Effect of pet ownership on respiratory responses to air pollution in Chinese children

The Seven Northeastern Cities (SNEC) study

Zhengmin Qian, Guang Hui Dong, Wan Hui Ren, Maayan Simckes, Jing Wang, Alan Zelicoff, Edwin Trevathan

Research output: Contribution to journalArticle

3 Citations (Scopus)

Abstract

Previous studies examining pet ownership as a risk factor for respiratory conditions have yielded inconsistent results. Little is known about whether or not pet ownership modifies the relationship between air pollutants and respiratory symptoms and asthma in children. In order to evaluate the interaction between pet and air pollution on respiratory health in children, we recruited 30,149 children, aged 2-12 years, from 25 districts of seven cities in northeast China. Parents of the children completed questionnaires that characterized the children's histories of respiratory symptoms and illnesses and associated risk factors. Average ambient annual exposures to particulate matter with an aerodynamic diameter ≤10μm (PM10), sulfur dioxide (SO2), nitrogen dioxide (NO2), and ozone (O3) were estimated from monitoring stations in each of the 25 study districts. The results showed that among children without pets at home, there were statistically significant associations between both recent exacerbations of asthma among physician-diagnosed asthmatics and respiratory symptoms and all pollutants examined. Odds ratios (ORs) ranged from 1.12 [95% confidence interval (CI), 1.00-1.26] to 1.41 (95% CI, 1.24-1.61) per 31μgm-3 for PM10, whereas, among children with pets at home, there were no effects or small effects for either asthma or the symptoms. The interactions between dog ownership and PM10, SO2, NO2, and O3 were statistically significant, such that children with a dog at home had lower reporting of both current asthma and current wheeze. In conclusion, this study suggests that pet ownership decreased the effects of air pollution on respiratory symptoms and asthma among Chinese children.

Original languageEnglish (US)
Pages (from-to)47-52
Number of pages6
JournalAtmospheric Environment
Volume87
DOIs
StatePublished - Apr 1 2014

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ownership
atmospheric pollution
asthma
risk factor
confidence interval
city
pet
effect
nitrogen dioxide
sulfur dioxide
aerodynamics
particulate matter
ozone
pollutant
history

All Science Journal Classification (ASJC) codes

  • Environmental Science(all)
  • Atmospheric Science

Cite this

Qian, Zhengmin ; Dong, Guang Hui ; Ren, Wan Hui ; Simckes, Maayan ; Wang, Jing ; Zelicoff, Alan ; Trevathan, Edwin. / Effect of pet ownership on respiratory responses to air pollution in Chinese children : The Seven Northeastern Cities (SNEC) study. In: Atmospheric Environment. 2014 ; Vol. 87. pp. 47-52.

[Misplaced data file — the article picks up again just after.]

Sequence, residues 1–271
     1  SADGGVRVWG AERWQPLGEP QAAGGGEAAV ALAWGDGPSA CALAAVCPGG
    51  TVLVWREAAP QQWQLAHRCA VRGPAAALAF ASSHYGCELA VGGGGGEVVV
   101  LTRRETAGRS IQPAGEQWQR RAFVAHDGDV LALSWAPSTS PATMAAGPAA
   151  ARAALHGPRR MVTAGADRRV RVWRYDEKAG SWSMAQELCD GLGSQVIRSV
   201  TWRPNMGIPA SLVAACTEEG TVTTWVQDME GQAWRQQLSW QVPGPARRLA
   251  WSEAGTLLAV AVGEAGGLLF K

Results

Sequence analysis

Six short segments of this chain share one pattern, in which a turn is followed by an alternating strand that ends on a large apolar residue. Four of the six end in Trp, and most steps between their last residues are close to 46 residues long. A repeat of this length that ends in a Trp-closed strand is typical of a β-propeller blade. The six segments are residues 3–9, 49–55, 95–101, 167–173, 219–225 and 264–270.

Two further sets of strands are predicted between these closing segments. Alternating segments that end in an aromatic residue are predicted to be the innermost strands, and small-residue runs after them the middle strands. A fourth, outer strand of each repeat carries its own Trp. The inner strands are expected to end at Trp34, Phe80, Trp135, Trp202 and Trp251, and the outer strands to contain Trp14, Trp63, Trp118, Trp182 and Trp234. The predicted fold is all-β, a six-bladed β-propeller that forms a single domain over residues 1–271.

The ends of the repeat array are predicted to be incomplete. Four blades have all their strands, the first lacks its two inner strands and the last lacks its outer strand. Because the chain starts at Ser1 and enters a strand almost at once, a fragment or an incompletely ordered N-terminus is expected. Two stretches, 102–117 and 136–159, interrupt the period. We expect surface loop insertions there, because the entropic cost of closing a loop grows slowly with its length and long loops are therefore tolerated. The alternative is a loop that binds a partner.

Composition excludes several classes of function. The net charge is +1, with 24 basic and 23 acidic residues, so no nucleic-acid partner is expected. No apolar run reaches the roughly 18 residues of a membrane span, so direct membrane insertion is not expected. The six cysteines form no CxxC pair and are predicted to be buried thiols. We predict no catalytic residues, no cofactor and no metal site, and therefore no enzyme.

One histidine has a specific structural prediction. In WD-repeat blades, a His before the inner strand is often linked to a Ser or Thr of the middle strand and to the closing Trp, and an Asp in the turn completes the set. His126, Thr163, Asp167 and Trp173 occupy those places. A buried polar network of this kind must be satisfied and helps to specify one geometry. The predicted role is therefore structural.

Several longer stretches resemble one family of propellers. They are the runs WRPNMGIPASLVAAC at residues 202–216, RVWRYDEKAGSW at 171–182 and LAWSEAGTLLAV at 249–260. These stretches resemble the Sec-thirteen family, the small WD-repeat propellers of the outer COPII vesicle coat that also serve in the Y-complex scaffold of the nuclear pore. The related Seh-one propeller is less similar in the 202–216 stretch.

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abstract = "Previous studies examining pet ownership as a risk factor for respiratory conditions have yielded inconsistent results. Little is known about whether or not pet ownership modifies the relationship between air pollutants and respiratory symptoms and asthma in children. In order to evaluate the interaction between pet and air pollution on respiratory health in children, we recruited 30,149 children, aged 2-12 years, from 25 districts of seven cities in northeast China. Parents of the children completed questionnaires that characterized the children's histories of respiratory symptoms and illnesses and associated risk factors. Average ambient annual exposures to particulate matter with an aerodynamic diameter ≤10μm (PM10), sulfur dioxide (SO2), nitrogen dioxide (NO2), and ozone (O3) were estimated from monitoring stations in each of the 25 study districts. The results showed that among children without pets at home, there were statistically significant associations between both recent exacerbations of asthma among physician-diagnosed asthmatics and respiratory symptoms and all pollutants examined. Odds ratios (ORs) ranged from 1.12 [95{\%} confidence interval (CI), 1.00-1.26] to 1.41 (95{\%} CI, 1.24-1.61) per 31μgm-3 for PM10, whereas, among children with pets at home, there were no effects or small effects for either asthma or the symptoms. The interactions between dog ownership and PM10, SO2, NO2, and O3 were statistically significant, such that children with a dog at home had lower reporting of both current asthma and current wheeze. In conclusion, this study suggests that pet ownership decreased the effects of air pollution on respiratory symptoms and asthma among Chinese children.",
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Effect of pet ownership on respiratory responses to air pollution in Chinese children : The Seven Northeastern Cities (SNEC) study. / Qian, Zhengmin; Dong, Guang Hui; Ren, Wan Hui; Simckes, Maayan; Wang, Jing; Zelicoff, Alan; Trevathan, Edwin.

In: Atmospheric Environment, Vol. 87, 01.04.2014, p. 47-52.

Research output: Contribution to journalArticle

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T1 - Effect of pet ownership on respiratory responses to air pollution in Chinese children

T2 - The Seven Northeastern Cities (SNEC) study

AU - Qian, Zhengmin

AU - Dong, Guang Hui

AU - Ren, Wan Hui

AU - Simckes, Maayan

AU - Wang, Jing

AU - Zelicoff, Alan

AU - Trevathan, Edwin

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